Thursday, December 8, 2016

Another Look: LAWMAN (1971, Burt Lancaster)

This largely overlooked Western is a tight, tough action drama with an all-star cast, several of whom give particularly effective performances that help elevate the film to an above-average oater well worth 99 minutes of your viewing time.

The plot is pretty basic. Six cowboys deliver some cattle to the railhead in the town of Bannock. That night they get drunk and rowdy and shoot up the town before riding out. Unknown to them, an old man is is killed by a stray bullet.

Some weeks later, the marshal of Bannock, Jared Maddox (Burt Lancaster), shows in the town of Sabbath, home base for the cowboys. He was out of town chasing a fugitive when the cowboys hit his town and now he's bent on taking the six men back to stand trial --- minus one he already caught up with, who he brings belly down over a horse when he rides into town. “He called me out,” he tersely explains to Cotton Ryan (Robert Ryan), the sheriff of Sabbath. When he solicits Ryan's help in bringing in the others, he learns that the men had been hired by Vince Bronson (Lee J. Cobb), the wealthy rancher who has the town and the whole surrounding area in his pocket --- including the sheriff. The latter won't go up against Bronson to help Maddox, but he is willing to take a message to the rancher to see if he'll cooperate in returning to Bannock with the others to face charges. Maddox agrees to give them 24 hours to turn themselves in before he starts going after them one by one.

Bronson, who genuinely did not know anybody had been hurt or killed in the Bannock shooting, feels remorse for the incident. He figures he could easily buy the judge in Bannock and get everybody off with little or no jail time, but doesn't really want to go to all that trouble. After putting it to a vote among the other men involved and finding none of them wanting to go back either, he's not willing to force them to do so. So he sends the sheriff back try and buy off Maddox.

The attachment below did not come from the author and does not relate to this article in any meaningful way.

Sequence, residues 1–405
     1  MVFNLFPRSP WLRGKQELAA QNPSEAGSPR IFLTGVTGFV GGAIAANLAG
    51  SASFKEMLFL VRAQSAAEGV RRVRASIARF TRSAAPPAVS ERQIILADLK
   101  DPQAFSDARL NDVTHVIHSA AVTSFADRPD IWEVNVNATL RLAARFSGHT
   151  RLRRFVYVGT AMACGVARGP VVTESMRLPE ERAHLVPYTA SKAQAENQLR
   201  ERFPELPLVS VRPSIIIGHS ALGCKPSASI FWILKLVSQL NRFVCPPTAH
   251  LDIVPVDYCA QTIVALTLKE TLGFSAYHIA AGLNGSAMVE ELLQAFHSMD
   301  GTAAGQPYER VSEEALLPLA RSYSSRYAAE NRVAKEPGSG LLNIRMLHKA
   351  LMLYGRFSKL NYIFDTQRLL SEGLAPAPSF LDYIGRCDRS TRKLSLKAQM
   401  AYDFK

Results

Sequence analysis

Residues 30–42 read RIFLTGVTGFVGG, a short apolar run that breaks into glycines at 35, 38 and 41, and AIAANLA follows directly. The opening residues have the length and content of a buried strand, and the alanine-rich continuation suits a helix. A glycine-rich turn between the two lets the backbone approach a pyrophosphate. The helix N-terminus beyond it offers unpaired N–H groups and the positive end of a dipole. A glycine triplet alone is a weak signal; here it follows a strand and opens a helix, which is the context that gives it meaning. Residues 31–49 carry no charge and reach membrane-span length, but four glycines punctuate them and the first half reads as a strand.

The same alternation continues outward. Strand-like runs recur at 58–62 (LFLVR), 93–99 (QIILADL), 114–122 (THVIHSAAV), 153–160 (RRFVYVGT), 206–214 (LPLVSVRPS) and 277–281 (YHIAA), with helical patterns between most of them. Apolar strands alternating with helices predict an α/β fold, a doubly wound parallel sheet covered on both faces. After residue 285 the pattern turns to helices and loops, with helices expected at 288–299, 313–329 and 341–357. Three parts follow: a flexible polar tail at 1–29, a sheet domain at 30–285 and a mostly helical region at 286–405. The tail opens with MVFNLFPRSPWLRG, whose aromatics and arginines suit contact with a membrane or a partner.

But Maddox can't be bought. Like a grim, obsessive, borderline psychotic Ahab, he won't be swerved from his mission. With no hand raised to help him and even knowing full well that the judge in Bannock will be bribed by Bronson if it ever gets that far, he sets out to do his duty as he sees it. After the 24 hours are up, he sets out after each of the men. In a series of bloody confrontations, he takes two of them into custody and ends up killing most of the others until it comes to a final violent showdown in the streets of town.

The nuances and undertones of the story and characters are what sets LAWMAN apart. The performances by Ryan and Cobb as two men tormented by their violent pasts and no longer having the stomach for more of the same are especially effective. Same for Robert Duvall in a somewhat minor role that he makes memorable. Sheree North, appearing in a brief romantic angle that seems somewhat forced into the storyline, nevertheless comes across well. Then there's Lancaster, who at first seems almost wooden in his performance --- until you realize he is actually nailing the stoic, emotionless character he is portraying.

Good stuff. Recommended.


Peter Brandvold said...

One of my favorites. Love this one as well as VALDEZE IS COMING. I watch both often. Great review, Wayne. You make me want to watch it again today, and I probably will.

mybillcrider said...

Saw this in the theater way back when and thought it was great, like something Harry Whittington might've written. I recorded it the other night and will soon be watching it again.

David Cranmer said...

A favorite... glad to see I'm not the only one. Great review, Wayne.